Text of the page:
- The Washington Times - Thursday, February 19, 2009

SEOUL, South Korea (AP) — U.S. Secretary of State Hillary Rodham Clinton said Thursday that North Korea’s leadership situation is uncertain and the United States is worried the Stalinist country may soon face a succession crisis to replace dictator Kim Jong Il.

Clinton said the Obama administration is deeply concerned that a potential change in Pyongyang’s ruling structure could raise already heightened tensions between North Korea and its neighbors as potential successors to Kim jockey for position and power.

Her comments, made to reporters during a flight to South Korea from Indonesia, were a rare if not unprecedented public acknowledgment from a senior U.S. official that the secretive nation may be preparing for a leadership change following reports that Kim suffered a stroke last year.

Clinton said the South Koreans are particularly worried “about what’s up in North Korea, what the succession could be, what it means for them, and they are looking for us to use our best efforts to try to get the agenda of denuclearization and nonproliferation back in gear.”

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“Everybody is trying to sort of read the tea leaves as to what is happening and what is likely to occur, and there is a lot of guessing going on,” Clinton said, referring to talks between Chinese, South Korean, Japanese and U.S. officials about the situation in the North.

“But there is also an increasing amount of pressure because if there is a succession, even if it’s a peaceful succession, that creates more uncertainty and it may also encourage behaviors that are even more provocative as a way to consolidate power within the society,” she said.

Clinton, who will visit China over the weekend, said she would be seeking advice in Seoul and Beijing about how to resume stalled six-nation disarmament talks given questions about Kim’s health and who is now or may soon be in charge in Pyongyang.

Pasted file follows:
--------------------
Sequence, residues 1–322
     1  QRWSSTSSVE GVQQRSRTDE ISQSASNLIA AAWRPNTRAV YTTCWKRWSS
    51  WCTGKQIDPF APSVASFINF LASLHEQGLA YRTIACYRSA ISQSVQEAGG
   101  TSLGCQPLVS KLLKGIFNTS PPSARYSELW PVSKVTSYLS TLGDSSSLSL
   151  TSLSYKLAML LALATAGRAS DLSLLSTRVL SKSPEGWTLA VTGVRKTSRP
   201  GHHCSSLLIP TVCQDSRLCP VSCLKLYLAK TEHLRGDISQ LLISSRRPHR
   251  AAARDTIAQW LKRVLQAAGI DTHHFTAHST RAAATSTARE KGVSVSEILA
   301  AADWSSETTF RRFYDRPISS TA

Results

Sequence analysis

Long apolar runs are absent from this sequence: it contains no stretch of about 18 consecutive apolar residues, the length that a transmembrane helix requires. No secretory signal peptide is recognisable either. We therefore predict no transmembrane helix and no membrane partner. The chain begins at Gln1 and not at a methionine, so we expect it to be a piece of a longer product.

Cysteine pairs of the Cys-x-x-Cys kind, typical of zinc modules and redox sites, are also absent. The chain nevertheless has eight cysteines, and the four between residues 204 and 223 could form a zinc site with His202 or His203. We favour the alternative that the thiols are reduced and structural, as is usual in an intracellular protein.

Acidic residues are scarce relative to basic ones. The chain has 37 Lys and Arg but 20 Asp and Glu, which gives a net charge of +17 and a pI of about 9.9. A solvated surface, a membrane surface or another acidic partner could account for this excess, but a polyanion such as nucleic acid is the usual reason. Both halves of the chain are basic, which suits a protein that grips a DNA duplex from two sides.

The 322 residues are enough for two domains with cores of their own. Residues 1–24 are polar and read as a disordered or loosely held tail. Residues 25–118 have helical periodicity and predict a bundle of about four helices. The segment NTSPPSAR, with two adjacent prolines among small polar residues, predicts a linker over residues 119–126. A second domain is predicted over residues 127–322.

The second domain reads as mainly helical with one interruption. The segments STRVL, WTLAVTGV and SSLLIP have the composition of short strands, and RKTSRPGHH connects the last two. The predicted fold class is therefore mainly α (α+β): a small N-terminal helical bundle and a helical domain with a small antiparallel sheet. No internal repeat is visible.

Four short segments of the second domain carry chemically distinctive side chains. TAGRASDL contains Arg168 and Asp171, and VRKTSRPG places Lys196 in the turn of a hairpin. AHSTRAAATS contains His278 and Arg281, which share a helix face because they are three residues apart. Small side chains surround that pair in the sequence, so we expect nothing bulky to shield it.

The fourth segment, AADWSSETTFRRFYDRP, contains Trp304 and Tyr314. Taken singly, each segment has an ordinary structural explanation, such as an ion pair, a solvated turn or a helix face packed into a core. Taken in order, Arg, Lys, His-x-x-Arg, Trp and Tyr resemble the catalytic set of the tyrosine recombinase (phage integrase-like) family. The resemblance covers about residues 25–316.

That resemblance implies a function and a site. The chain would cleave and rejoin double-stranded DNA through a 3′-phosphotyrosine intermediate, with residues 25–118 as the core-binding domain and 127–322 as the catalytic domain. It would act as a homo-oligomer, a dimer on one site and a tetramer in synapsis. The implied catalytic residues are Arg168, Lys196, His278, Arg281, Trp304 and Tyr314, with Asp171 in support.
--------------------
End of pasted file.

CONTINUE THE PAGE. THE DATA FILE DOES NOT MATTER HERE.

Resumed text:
“Our goal is to try to come up with a strategy that is effective in influencing the behavior of the North Koreans at a time when the whole leadership situation is somewhat unclear,” she said.

“You add to the already-difficult challenge of working with the North Koreans the uncertainties that come from questions about potential succession, this is a difficult undertaking,” Clinton said.

Her remarks came as North Korea stepped up belligerent rhetoric toward the United States and South Korea amid signs the North is planning to test fire what intelligence analysts believe is a long-range missile.

Just hours before Clinton arrived in Seoul, the North Korean military issued a statement accusing South Korean president Lee Myung-bak of misusing “nonexistent nuclear and missile threats” as a pretext to invade. “The Lee Myung-Bak group of traitors should never forget that the (North) Korean People’s Army is fully ready for an all-out confrontation,” said the statement, carried by the Korean official news agency.

Clinton is to meet with Lee on Friday and said she would speak to him and others about how to defuse tensions between the two Koreas. “We don’t want it to spiral up,” she said.

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